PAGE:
For many years we have followed the ‘reduce, reuse, recycle’ mantra – we learnt it at school, we took it to our homes, offices, back to school with our kids – and it became firmly rooted in our everyday language. This is great. Until we thing about just how we apply it to our lives. How often do we actually do the ‘reduce and reuse’ bit compared to the ‘recycle’ bit? If this is the order we should be working in… why is recycling the go-to in so many situations and why is this wrong?
Firstly, recycling isn’t wrong. There are many benefits to recycling (reprocessing materials and saving it from landfill or incineration), but it is easy to confuse the circular economy with the recycling economy. There are differences.
As we can see from our little sketch above, the linear economy is the way we currently consume, live, work. We make a thing, use a thing then discard the thing. Linear from ‘cradle’ (start of life) to ‘grave’ (end of life). The recycling economy is slightly different. It recovers some items and materials and spins them out from that linear system and puts them back in again – as new items, products or goods. But the trouble is, the recycling economy is not perfect. It just delays the inevitable drop into the bin at the bottom. Why? Some materials cannot be recycled effectively, or need the input of ‘new’ materials to make them strong enough to function. Recycling slows the waste down… but it doesn’t eliminate it.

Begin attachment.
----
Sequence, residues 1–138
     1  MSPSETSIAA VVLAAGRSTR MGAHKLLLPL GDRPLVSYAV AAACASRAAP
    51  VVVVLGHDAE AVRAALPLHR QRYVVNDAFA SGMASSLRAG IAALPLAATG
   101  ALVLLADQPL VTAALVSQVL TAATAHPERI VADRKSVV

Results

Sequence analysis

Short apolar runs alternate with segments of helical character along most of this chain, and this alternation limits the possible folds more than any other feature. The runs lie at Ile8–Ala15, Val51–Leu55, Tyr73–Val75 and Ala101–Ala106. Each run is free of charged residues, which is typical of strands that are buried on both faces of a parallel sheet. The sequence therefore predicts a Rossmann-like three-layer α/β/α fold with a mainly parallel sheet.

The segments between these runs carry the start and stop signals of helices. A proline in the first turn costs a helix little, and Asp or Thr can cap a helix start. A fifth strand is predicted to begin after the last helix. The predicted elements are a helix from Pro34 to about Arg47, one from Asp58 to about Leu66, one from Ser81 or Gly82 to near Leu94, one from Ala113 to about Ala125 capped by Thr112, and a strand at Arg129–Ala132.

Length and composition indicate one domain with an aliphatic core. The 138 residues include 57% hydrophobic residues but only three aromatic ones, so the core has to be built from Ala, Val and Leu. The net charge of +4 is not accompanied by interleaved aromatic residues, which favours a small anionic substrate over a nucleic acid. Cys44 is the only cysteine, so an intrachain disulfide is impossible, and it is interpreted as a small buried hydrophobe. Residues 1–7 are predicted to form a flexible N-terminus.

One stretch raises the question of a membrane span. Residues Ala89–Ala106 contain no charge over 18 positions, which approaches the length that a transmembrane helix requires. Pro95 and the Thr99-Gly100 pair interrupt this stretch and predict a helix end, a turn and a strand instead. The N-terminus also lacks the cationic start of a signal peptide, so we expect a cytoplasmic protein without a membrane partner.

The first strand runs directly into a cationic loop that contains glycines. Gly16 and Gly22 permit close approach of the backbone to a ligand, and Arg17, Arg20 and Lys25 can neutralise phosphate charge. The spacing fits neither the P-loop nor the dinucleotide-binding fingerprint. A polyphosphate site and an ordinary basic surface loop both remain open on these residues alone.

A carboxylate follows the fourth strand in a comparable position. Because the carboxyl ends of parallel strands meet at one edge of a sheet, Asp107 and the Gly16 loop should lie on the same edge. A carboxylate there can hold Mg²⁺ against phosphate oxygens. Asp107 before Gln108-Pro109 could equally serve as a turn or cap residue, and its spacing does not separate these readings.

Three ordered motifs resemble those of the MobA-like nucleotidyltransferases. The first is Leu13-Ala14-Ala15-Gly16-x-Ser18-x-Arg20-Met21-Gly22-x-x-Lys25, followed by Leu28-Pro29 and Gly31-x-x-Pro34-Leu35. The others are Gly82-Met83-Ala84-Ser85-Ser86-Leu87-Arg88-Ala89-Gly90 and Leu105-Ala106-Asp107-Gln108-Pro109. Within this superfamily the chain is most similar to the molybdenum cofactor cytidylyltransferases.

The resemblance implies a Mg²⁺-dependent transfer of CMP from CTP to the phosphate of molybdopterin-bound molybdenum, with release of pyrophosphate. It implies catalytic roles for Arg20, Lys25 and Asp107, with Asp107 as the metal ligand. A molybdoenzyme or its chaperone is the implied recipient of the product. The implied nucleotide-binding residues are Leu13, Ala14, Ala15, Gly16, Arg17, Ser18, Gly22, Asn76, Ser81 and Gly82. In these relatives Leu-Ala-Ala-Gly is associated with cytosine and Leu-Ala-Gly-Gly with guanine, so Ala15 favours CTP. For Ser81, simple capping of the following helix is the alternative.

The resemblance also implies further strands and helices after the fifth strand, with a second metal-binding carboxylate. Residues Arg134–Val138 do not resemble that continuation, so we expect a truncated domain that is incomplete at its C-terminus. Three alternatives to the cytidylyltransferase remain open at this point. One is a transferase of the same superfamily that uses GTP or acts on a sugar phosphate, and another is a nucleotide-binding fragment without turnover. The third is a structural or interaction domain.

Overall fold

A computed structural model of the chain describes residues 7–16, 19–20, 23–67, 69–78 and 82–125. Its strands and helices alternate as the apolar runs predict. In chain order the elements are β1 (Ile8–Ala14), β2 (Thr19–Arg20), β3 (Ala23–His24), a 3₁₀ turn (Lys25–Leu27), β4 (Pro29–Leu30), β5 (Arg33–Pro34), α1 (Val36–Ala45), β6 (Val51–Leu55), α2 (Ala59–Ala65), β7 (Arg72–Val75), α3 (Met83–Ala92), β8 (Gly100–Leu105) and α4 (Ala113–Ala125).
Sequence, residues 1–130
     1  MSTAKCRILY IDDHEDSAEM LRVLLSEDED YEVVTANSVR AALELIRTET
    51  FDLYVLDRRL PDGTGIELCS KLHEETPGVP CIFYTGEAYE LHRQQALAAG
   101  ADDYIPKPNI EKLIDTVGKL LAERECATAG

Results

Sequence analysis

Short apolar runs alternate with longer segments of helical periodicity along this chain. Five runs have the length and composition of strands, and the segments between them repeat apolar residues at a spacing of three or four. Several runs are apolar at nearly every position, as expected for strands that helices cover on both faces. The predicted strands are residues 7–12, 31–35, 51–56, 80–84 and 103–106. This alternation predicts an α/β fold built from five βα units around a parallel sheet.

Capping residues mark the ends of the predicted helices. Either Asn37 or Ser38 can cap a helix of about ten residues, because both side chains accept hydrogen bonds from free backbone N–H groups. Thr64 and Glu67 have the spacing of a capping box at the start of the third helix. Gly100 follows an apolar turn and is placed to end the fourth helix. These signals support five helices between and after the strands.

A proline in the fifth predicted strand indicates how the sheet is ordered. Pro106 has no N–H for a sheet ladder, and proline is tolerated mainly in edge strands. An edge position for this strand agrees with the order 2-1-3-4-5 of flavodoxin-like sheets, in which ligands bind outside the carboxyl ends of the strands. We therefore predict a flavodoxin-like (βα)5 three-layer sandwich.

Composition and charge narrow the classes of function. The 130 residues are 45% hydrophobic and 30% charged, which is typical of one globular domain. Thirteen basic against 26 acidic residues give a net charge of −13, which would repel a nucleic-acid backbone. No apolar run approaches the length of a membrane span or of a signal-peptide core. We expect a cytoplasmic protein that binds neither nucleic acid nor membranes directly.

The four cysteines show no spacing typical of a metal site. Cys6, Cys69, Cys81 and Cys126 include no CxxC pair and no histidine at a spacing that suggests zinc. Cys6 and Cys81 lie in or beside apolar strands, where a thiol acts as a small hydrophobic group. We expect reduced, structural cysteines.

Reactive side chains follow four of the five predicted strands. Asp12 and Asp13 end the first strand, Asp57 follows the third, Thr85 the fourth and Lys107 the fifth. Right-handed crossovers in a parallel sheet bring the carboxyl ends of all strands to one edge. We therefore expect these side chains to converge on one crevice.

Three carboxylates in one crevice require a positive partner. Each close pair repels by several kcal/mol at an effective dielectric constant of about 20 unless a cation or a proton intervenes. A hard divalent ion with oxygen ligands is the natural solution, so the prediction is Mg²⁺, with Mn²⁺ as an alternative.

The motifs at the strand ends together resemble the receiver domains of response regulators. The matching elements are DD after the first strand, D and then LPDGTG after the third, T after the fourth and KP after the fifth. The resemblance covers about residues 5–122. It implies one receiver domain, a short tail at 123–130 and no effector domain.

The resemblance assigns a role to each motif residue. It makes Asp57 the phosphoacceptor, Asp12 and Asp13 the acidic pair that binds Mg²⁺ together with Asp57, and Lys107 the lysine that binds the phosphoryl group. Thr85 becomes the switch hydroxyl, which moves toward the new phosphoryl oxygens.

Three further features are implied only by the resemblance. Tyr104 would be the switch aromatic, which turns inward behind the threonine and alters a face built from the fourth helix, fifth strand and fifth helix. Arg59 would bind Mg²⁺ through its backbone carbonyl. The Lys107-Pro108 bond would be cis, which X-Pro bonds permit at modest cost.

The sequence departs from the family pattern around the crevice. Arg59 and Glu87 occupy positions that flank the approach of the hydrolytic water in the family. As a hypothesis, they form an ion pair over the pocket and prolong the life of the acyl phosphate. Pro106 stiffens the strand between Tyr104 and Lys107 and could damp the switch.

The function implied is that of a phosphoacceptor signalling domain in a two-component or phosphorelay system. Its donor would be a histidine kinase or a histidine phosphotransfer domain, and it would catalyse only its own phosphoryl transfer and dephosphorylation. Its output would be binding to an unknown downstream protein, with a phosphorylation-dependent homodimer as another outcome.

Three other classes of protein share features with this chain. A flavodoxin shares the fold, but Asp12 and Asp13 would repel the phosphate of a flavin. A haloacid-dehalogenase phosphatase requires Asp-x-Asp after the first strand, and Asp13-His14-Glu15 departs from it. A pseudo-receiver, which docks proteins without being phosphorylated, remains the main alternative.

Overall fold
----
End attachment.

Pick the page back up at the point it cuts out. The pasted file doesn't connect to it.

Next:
A circular economy is different. It keeps products, materials, waste streams and more in a constant loop with as little as possible (and hopefully nothing) dropping into the bin at the end. Is recycling part of a circular economy? Sure. But is it the primary driving force? Erm… no. It is the last option we should be looking at – there are more actions we should be embracing before the inevitable need to recycle pops up.
So going back to those three R’s we learnt so long ago… circularity is wide and varied and often complicated, but if we were going to pick just three words to work with – and rank them in order of importance… 1. Reduce, 2. Reuse, 3. Recycle… not a bad place to start?